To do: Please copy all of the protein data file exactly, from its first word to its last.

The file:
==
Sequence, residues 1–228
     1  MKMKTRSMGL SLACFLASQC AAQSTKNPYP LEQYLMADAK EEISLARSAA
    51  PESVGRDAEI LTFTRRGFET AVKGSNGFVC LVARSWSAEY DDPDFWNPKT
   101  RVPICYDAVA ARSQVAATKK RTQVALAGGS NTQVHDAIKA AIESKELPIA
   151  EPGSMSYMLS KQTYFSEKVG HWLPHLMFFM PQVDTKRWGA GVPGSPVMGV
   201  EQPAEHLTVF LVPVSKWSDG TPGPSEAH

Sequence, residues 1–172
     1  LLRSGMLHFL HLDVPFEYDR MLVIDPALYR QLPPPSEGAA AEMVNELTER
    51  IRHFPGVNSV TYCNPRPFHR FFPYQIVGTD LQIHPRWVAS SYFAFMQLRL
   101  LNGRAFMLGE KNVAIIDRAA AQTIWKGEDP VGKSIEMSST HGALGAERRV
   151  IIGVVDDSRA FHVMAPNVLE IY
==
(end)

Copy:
Sequence, residues 1–228
     1  MKMKTRSMGL SLACFLASQC AAQSTKNPYP LEQYLMADAK EEISLARSAA
    51  PESVGRDAEI LTFTRRGFET AVKGSNGFVC LVARSWSAEY DDPDFWNPKT
   101  RVPICYDAVA ARSQVAATKK RTQVALAGGS NTQVHDAIKA AIESKELPIA
   151  EPGSMSYMLS KQTYFSEKVG HWLPHLMFFM PQVDTKRWGA GVPGSPVMGV
   201  EQPAEHLTVF LVPVSKWSDG TPGPSEAH

Sequence, residues 1–172
     1  LLRSGMLHFL HLDVPFEYDR MLVIDPALYR QLPPPSEGAA AEMVNELTER
    51  IRHFPGVNSV TYCNPRPFHR FFPYQIVGTD LQIHPRWVAS SYFAFMQLRL
   101  LNGRAFMLGE KNVAIIDRAA AQTIWKGEDP VGKSIEMSST HGALGAERRV
   151  IIGVVDDSRA FHVMAPNVLE IY